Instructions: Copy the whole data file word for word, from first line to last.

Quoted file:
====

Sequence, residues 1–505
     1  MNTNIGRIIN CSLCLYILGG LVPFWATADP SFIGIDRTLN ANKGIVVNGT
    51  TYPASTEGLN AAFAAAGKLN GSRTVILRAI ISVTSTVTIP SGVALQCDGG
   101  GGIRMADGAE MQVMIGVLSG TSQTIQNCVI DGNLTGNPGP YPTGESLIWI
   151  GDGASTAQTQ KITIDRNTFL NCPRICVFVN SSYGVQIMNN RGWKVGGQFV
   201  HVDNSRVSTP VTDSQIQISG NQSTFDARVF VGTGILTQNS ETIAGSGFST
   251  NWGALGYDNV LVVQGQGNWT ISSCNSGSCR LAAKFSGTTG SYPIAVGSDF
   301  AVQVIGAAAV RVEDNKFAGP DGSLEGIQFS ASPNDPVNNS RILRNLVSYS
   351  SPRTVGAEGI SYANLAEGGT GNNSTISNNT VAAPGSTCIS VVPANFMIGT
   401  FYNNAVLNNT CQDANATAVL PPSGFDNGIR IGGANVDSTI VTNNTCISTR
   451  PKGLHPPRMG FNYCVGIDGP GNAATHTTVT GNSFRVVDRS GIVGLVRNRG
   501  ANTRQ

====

Sequence, residues 1–505
     1  MNTNIGRIIN CSLCLYILGG LVPFWATADP SFIGIDRTLN ANKGIVVNGT
    51  TYPASTEGLN AAFAAAGKLN GSRTVILRAI ISVTSTVTIP SGVALQCDGG
   101  GGIRMADGAE MQVMIGVLSG TSQTIQNCVI DGNLTGNPGP YPTGESLIWI
   151  GDGASTAQTQ KITIDRNTFL NCPRICVFVN SSYGVQIMNN RGWKVGGQFV
   201  HVDNSRVSTP VTDSQIQISG NQSTFDARVF VGTGILTQNS ETIAGSGFST
   251  NWGALGYDNV LVVQGQGNWT ISSCNSGSCR LAAKFSGTTG SYPIAVGSDF
   301  AVQVIGAAAV RVEDNKFAGP DGSLEGIQFS ASPNDPVNNS RILRNLVSYS
   351  SPRTVGAEGI SYANLAEGGT GNNSTISNNT VAAPGSTCIS VVPANFMIGT
   401  FYNNAVLNNT CQDANATAVL PPSGFDNGIR IGGANVDSTI VTNNTCISTR
   451  PKGLHPPRMG FNYCVGIDGP GNAATHTTVT GNSFRVVDRS GIVGLVRNRG
   501  ANTRQ